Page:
National Play Day - Raising awareness
July 24 2018Read more
Around 80% of menopausal women will experience symptoms like hot flushes, sleeping problems, mood changes and joint stiffness. These symptoms can have a drastic impact on day-to-day life and last around four years on average.
Hormone replacement therapy (HRT) helps around one million women across the UK deal with these menopausal symptoms. And the UK is currently experiencing a shortage. Women are struggling to get the medication they need, putting them in uncertain, challenging waters.
The menopause puts women through a real emotional, physical and mental struggle. Not getting effective treatment could be life-threatening in some cases. And while the supply chain operations may be out of most people’s hands, we can make changes to support affected women during this time. If you're an employer, it's your responsibility to step in and guide these changes at work. We've highlighted why these changes are so important and some ways that you can make them below.
Because we spend so much of our time in the workplace, employers have a vital role in the supporting process. Symptoms of the menopause can interfere with regular workplace duties, making work-life a struggle. Employers must recognise these challenges and do their best to provide support when it’s needed.
Health Assured recognises the importance of menopause awareness and support in the workplace. To highlight the importance of this we’ve signed the Menopause Workplace Pledge. We’re committed to supporting our employees through this stage of their career, and we want to help other organisations provide this support too.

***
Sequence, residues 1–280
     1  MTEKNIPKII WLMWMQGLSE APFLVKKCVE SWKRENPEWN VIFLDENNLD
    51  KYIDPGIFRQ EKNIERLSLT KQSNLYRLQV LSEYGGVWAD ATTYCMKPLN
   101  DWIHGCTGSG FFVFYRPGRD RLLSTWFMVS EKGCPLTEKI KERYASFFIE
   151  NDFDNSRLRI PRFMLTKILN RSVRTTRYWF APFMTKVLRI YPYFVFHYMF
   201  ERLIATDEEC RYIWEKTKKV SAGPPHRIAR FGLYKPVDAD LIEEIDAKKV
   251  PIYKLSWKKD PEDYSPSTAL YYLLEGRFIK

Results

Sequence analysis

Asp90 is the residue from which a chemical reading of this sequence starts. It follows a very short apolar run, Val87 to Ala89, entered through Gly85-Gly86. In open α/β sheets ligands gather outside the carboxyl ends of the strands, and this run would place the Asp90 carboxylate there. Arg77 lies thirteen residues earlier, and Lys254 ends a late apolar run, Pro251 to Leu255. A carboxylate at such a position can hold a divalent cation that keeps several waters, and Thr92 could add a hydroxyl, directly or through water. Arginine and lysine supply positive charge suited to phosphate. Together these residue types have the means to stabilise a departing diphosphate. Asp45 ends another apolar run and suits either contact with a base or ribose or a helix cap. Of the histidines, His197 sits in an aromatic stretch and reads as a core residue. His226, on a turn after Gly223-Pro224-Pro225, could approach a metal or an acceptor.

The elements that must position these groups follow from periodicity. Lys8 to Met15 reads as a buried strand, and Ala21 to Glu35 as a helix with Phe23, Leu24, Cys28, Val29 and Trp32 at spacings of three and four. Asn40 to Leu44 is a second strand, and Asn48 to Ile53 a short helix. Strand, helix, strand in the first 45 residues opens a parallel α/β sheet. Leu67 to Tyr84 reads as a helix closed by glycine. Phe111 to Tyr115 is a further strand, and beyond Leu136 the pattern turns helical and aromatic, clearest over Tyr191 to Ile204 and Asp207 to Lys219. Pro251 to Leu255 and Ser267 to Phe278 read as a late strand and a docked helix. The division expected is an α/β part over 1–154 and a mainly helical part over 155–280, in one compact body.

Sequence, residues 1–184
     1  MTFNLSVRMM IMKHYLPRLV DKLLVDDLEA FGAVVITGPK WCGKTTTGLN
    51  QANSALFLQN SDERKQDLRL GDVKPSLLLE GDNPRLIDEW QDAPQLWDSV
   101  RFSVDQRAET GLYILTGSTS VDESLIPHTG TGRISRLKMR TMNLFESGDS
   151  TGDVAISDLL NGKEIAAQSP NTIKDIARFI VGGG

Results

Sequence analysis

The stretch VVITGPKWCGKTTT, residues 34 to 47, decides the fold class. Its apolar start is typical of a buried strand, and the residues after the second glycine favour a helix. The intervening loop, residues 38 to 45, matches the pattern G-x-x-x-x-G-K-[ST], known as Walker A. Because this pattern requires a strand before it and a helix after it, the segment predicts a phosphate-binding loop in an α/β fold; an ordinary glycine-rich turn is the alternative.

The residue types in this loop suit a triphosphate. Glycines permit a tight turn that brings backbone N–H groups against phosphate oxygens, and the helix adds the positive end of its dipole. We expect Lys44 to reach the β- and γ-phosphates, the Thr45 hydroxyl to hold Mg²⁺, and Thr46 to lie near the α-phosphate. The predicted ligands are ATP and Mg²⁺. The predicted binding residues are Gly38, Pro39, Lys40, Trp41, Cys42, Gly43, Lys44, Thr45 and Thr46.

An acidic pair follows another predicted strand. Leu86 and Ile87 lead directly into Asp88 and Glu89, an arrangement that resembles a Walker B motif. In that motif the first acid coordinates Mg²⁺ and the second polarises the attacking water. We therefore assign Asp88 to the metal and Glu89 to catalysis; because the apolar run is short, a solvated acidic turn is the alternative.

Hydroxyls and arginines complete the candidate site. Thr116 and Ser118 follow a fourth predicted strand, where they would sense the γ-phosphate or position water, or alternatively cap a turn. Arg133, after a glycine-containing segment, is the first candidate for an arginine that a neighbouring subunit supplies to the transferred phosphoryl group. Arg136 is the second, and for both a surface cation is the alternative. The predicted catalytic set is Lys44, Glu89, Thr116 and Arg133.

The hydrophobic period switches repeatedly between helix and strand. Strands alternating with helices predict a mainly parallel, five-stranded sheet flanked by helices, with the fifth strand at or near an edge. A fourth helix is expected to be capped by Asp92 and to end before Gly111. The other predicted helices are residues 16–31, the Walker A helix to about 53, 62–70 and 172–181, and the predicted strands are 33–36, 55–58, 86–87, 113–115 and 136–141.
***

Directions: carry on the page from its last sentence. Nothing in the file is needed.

Below, we’ve put together some tips for how you can consider your workers during this difficult time.
Menopause symptoms are often misunderstood, meaning your employees might be suffering in silence. But you’ll never know if you don’t approach the conversation. In light of the recent news, it’s even more of a reason to check in on your employees’ wellbeing regularly. Try to educate yourself about how the menopause affects women and listen non-judgementally in your check-ins.
Starting the conversation around employee wellbeing at the workplace involves educating and communicating about health issues like the menopause. It could be helpful to run workshops to raise awareness and advise staff where they can turn to access more information or support. You might also wish to highlight the support options available to employees via email or with a poster.
You might wish to train up employees or managers as experts in wellbeing. Courses like Mental Health First Aid and workshops on the menopause can provide the tools for these individuals to support others. When there’s a dedicated person to turn to, it might encourage more employees to open up about their struggles. It also highlights to employees your attitudes towards wellbeing.
When employees have a long-term condition that affects their mental and physical health, they can ask for reasonable adjustments to their roles. These could include flexible working hours, reducing workload or additional equipment. It might only be a small change to you, but these shifts can benefit employees greatly.
The menopause is an extremely difficult time for any employee to go through, especially right now. Our Employee Assistance Programme provides 24/7, 365 emotional support via the confidential counselling helpline.
Get in touch with one of our workplace wellbeing experts today on 0800 206 2532 to find out more.
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